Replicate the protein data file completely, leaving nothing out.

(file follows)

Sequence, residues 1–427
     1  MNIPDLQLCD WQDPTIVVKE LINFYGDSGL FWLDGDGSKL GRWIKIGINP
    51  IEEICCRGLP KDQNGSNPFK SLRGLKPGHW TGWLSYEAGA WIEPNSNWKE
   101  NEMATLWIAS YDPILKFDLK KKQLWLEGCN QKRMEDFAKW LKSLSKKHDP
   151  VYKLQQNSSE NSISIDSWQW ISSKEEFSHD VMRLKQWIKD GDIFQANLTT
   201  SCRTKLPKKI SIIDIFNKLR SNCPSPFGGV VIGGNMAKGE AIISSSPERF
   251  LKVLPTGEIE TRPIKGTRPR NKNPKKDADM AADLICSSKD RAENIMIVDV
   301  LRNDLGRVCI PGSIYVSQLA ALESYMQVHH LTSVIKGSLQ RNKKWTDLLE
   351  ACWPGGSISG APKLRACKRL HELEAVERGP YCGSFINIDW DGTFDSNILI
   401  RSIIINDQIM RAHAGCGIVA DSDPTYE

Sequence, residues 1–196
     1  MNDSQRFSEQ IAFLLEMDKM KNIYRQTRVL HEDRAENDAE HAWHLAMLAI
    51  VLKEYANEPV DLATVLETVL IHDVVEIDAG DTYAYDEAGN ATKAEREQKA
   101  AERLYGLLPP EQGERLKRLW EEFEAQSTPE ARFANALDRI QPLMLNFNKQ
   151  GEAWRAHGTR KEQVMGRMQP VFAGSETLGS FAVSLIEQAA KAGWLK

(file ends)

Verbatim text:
Sequence, residues 1–427
     1  MNIPDLQLCD WQDPTIVVKE LINFYGDSGL FWLDGDGSKL GRWIKIGINP
    51  IEEICCRGLP KDQNGSNPFK SLRGLKPGHW TGWLSYEAGA WIEPNSNWKE
   101  NEMATLWIAS YDPILKFDLK KKQLWLEGCN QKRMEDFAKW LKSLSKKHDP
   151  VYKLQQNSSE NSISIDSWQW ISSKEEFSHD VMRLKQWIKD GDIFQANLTT
   201  SCRTKLPKKI SIIDIFNKLR SNCPSPFGGV VIGGNMAKGE AIISSSPERF
   251  LKVLPTGEIE TRPIKGTRPR NKNPKKDADM AADLICSSKD RAENIMIVDV
   301  LRNDLGRVCI PGSIYVSQLA ALESYMQVHH LTSVIKGSLQ RNKKWTDLLE
   351  ACWPGGSISG APKLRACKRL HELEAVERGP YCGSFINIDW DGTFDSNILI
   401  RSIIINDQIM RAHAGCGIVA DSDPTYE

Sequence, residues 1–196
     1  MNDSQRFSEQ IAFLLEMDKM KNIYRQTRVL HEDRAENDAE HAWHLAMLAI
    51  VLKEYANEPV DLATVLETVL IHDVVEIDAG DTYAYDEAGN ATKAEREQKA
   101  AERLYGLLPP EQGERLKRLW EEFEAQSTPE ARFANALDRI QPLMLNFNKQ
   151  GEAWRAHGTR KEQVMGRMQP VFAGSETLGS FAVSLIEQAA KAGWLK